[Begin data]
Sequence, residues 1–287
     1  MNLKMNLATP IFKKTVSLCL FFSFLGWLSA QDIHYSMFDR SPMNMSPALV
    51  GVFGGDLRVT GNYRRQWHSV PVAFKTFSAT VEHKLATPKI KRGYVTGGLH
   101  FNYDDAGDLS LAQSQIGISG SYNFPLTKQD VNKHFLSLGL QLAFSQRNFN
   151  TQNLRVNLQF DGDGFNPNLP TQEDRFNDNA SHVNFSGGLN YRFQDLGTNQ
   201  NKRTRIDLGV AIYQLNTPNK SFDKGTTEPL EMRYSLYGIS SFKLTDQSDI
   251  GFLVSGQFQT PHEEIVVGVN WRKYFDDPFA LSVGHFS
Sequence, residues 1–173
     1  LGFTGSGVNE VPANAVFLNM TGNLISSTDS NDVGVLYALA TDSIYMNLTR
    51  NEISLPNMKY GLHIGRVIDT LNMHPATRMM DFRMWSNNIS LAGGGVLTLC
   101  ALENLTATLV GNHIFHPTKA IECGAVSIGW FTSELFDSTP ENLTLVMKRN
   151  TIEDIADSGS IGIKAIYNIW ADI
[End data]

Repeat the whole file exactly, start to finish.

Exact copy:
Sequence, residues 1–287
     1  MNLKMNLATP IFKKTVSLCL FFSFLGWLSA QDIHYSMFDR SPMNMSPALV
    51  GVFGGDLRVT GNYRRQWHSV PVAFKTFSAT VEHKLATPKI KRGYVTGGLH
   101  FNYDDAGDLS LAQSQIGISG SYNFPLTKQD VNKHFLSLGL QLAFSQRNFN
   151  TQNLRVNLQF DGDGFNPNLP TQEDRFNDNA SHVNFSGGLN YRFQDLGTNQ
   201  NKRTRIDLGV AIYQLNTPNK SFDKGTTEPL EMRYSLYGIS SFKLTDQSDI
   251  GFLVSGQFQT PHEEIVVGVN WRKYFDDPFA LSVGHFS
Sequence, residues 1–173
     1  LGFTGSGVNE VPANAVFLNM TGNLISSTDS NDVGVLYALA TDSIYMNLTR
    51  NEISLPNMKY GLHIGRVIDT LNMHPATRMM DFRMWSNNIS LAGGGVLTLC
   101  ALENLTATLV GNHIFHPTKA IECGAVSIGW FTSELFDSTP ENLTLVMKRN
   151  TIEDIADSGS IGIKAIYNIW ADI